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File #: 170626    Version: 0 Name:
Type: Resolution Status: ADOPTED
File created: 6/15/2017 In control: CITY COUNCIL
On agenda: Final action: 6/15/2017
Title: Recognizing June 19, 2017 as "World Sickle Cell Awareness Day" in the City of Philadelphia.
Sponsors: Councilmember Reynolds Brown, Councilmember Green, Councilmember Parker, Councilmember Oh, Councilmember Taubenberger, Councilmember Squilla
Attachments: 1. Signature17062600.pdf

Title

Recognizing June 19, 2017 as “World Sickle Cell Awareness Day” in the City of Philadelphia. 

 

Body

WHEREAS, Since 2008, World Sickle Cell Awareness Day has been held annually, in order to help increase public knowledge and raise awareness of Sickle Cell Disease and the struggles sufferers and their families experience; and

 

WHEREAS, According to the World Health Organization, Sickle Cell Disease (“SCD”) is an inherited blood disorder affecting red blood cells and is the most common genetic disease in the United States.  People with SCD produce red bloods cells that contain abnormal hemoglobin, the protein that carries oxygen from the lungs to the rest of the body. Sometimes the affected red blood cells can become shaped like a sickle, or crescent, rather than the normal round shape of healthy cells. Sickle cells can then block the flow of blood through the body, damaging lung tissues, and causing incredibly painful episodes in the arms, legs, chest, and abdomen. Adults and children with SCD are often at risk for strokes; and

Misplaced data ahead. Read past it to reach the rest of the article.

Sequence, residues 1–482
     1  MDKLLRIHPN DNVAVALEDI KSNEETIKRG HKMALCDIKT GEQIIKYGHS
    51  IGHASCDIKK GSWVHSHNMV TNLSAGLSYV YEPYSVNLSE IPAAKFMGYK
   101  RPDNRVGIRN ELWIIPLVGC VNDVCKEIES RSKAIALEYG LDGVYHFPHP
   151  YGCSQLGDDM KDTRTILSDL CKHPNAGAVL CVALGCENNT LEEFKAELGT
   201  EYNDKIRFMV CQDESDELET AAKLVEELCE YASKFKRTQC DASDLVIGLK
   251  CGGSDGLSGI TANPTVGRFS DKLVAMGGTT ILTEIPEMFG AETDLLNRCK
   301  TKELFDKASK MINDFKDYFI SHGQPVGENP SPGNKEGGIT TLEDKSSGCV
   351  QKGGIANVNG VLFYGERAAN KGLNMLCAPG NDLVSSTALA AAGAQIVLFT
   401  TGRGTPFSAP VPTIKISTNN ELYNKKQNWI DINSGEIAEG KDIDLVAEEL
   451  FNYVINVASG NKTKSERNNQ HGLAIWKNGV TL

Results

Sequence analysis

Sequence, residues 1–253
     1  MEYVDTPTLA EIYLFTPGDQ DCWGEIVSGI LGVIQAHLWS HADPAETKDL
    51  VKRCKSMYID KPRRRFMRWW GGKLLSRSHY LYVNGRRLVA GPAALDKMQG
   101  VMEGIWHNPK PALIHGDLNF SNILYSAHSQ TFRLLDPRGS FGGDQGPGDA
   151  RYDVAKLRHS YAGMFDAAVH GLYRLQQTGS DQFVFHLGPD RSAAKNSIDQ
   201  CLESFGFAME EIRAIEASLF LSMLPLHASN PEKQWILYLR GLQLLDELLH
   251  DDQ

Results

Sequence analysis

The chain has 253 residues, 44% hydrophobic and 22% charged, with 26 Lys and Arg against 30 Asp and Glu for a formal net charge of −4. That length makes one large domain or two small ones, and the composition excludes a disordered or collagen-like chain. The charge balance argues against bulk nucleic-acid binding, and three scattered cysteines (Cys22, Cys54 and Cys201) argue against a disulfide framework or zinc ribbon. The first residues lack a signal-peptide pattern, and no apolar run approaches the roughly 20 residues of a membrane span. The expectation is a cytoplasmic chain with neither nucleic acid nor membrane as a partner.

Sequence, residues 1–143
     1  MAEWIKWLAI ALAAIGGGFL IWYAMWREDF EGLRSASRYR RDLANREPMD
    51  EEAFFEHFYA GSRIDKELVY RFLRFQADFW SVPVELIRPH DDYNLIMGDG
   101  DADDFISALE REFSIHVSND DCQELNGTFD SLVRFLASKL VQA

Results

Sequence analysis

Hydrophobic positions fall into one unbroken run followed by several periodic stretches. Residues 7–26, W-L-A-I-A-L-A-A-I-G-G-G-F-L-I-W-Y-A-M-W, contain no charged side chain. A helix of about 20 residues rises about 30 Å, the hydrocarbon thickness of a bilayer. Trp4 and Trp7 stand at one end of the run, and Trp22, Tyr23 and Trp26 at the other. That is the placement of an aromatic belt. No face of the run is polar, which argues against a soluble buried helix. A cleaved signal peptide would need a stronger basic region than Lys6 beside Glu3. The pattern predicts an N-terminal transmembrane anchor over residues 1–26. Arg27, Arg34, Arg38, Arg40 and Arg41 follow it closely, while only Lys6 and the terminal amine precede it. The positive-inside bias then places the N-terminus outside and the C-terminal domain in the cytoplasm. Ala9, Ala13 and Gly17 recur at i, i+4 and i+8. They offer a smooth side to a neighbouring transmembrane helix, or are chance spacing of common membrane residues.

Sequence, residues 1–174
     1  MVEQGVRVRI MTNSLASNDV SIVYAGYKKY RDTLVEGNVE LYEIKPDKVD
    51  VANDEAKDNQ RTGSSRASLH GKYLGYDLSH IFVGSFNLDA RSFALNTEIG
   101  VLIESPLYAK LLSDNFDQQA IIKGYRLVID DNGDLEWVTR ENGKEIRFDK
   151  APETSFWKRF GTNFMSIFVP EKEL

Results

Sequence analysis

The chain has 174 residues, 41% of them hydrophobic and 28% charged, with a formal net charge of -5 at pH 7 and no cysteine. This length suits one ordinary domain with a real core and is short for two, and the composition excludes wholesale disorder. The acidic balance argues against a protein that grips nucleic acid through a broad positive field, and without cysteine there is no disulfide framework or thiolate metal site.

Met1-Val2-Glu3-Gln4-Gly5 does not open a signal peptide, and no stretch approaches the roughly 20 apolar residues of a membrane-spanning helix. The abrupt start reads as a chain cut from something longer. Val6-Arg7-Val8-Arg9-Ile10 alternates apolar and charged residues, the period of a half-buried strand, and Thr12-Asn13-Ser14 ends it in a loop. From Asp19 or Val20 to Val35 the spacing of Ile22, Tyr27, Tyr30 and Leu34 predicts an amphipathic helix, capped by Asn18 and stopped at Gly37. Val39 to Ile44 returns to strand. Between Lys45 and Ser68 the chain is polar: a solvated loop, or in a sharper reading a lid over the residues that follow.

WHEREAS, SCD affects millions of people throughout the world and is particularly common among those whose ancestors came from sub-Saharan Africa; Spanish-speaking regions in the Western Hemisphere (South America, the Caribbean, and Central America); Saudi Arabia; India; and Mediterranean countries such as Turkey, Greece, and Italy; and

 

WHEREAS, According to the Centers for Disease Control and Prevention (“CDC”), it is estimated that 100,000 individuals are affected by SCD in the United States and that approximately 3 million people in the United States are carriers. Of the individuals infected with the disease, between 65% to 70% of those individuals are classified as underserved or economically disadvantaged. Additionally, the mental and financial cost on the families battling SCD is incredibly high; and

 

WHEREAS, The CDC reports that approximately 1,000 babies are born with SCD each year in the United States, with the disease occurring in approximately 1 in 365 newborn African-American infants and 1 in 16,300 newborn Hispanic-American infants; and

 

WHEREAS, The life expectancy of an individual with SCD is often severely limited; and

 

WHEREAS, SCD affects so many, from our babies trying to survive to adults dealing with painful episodes and complications. It is imperative that the federal government provide additional resources to help fund research and raise public awareness of preventative care programs, treatments, and other patient services for those suffering from SCD; now, therefore, be it,

 

RESOLVED, BY THE COUNCIL OF THE CITY OF PHILADELPHIA, That we hereby recognize June 19, 2017 as “World Sickle Cell Awareness Day” in the City of Philadelphia.

 

End